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I refer to the letter ‘Say No to Cartels.’ by Mr Francis Zhan.
One of the reasons for the Competition Commission of Singapore (CCS) to prosecute the 16 employment agencies is that salaries should be determined by market forces, rather than ‘collusive agreements between competitors.’ (The Straits Times 1st October 2011) However, our argument is that the market is already distorted to begin with because of current policies which restrict their entry and depress their wages. While Mr Zhan is right to assert that free market distortions occur in every employment sector, the examples he cites in his letter do not relate to workers’ wages, and this is the crux of the issue.
Setting a benchmark for wages is something practiced in many countries around the world, where there are mandatory minimum wage standards and unions to bargain for better wages. The underlying rationale for such a practice is that persons should be guaranteed fair and reasonable remuneration for their labour.
If the CCS was prosecuting the employment agencies for colluding to raise the placement fees charged to employers and domestic workers, its decision may be justified. On the contrary, the decision was made based on the agencies’ attempt to raise the salaries of domestic workers. Unlike other workers, domestic workers in Singapore do not have the right to form unions to seek better pay and working conditions. Until domestic workers are unionised and laws which guarantee better employment terms are passed, CCS should not discourage initiatives to ensure better wages for them. In arguing for a level playing field for consumers, as Mr Zhan has done, we should not forget that domestic workers are also customers of an employment agency.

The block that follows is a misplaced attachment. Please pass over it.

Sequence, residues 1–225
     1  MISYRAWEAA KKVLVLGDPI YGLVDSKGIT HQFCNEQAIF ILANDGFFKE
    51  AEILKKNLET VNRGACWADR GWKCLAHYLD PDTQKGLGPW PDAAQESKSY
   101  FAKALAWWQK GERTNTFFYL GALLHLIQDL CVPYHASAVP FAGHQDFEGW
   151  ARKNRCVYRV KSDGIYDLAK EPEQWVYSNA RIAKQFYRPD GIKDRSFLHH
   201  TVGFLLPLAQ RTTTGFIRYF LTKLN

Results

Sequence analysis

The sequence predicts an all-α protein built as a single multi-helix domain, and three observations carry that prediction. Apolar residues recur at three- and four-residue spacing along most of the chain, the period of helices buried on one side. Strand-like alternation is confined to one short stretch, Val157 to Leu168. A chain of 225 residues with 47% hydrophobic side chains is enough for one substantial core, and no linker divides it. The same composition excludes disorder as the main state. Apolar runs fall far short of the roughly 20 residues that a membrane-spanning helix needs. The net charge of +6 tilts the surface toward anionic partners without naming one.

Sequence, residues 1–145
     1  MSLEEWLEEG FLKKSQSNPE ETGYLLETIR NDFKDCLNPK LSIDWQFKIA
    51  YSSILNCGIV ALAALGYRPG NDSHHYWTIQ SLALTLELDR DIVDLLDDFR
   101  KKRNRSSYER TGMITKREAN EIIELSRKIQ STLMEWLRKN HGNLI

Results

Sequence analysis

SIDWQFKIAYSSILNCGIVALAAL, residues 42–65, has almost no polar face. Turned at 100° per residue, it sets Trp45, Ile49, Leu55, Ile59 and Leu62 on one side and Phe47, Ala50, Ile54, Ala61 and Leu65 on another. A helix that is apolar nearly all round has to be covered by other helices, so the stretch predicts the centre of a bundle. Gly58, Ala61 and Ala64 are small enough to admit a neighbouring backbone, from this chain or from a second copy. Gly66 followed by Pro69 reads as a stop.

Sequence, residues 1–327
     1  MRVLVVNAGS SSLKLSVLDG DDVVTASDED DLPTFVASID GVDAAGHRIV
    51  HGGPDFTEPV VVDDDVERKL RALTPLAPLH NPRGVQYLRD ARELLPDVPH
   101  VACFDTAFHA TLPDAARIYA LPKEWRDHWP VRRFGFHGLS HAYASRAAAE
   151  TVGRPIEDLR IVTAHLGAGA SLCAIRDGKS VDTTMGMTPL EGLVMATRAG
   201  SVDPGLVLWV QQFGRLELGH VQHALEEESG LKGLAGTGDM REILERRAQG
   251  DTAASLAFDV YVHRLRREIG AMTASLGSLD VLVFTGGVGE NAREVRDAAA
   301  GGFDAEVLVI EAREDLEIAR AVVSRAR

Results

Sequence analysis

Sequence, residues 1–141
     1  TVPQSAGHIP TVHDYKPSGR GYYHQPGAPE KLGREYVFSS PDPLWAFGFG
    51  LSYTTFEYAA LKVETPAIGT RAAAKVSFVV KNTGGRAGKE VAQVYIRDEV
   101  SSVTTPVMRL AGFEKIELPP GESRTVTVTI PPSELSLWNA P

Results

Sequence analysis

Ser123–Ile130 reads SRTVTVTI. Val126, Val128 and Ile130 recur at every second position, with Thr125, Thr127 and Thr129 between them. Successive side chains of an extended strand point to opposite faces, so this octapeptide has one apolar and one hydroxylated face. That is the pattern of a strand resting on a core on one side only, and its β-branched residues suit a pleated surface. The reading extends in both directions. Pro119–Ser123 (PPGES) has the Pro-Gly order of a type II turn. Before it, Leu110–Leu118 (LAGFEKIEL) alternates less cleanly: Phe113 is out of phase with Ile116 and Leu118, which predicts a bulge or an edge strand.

When the CCS reduces the wages of workers to ‘prices’ that are ‘fixed’ for the global market, it is in effect commodifying their labour. Migrant workers are not goods to be traded and sold. It is precisely because we view them mainly as economic units that their working conditions have seen little improvement and they continue to be exploited and discriminated.
Jolovan Wham (范国瀚）
Humanitarian Organisation for Migration Economics (HOME) 情义之家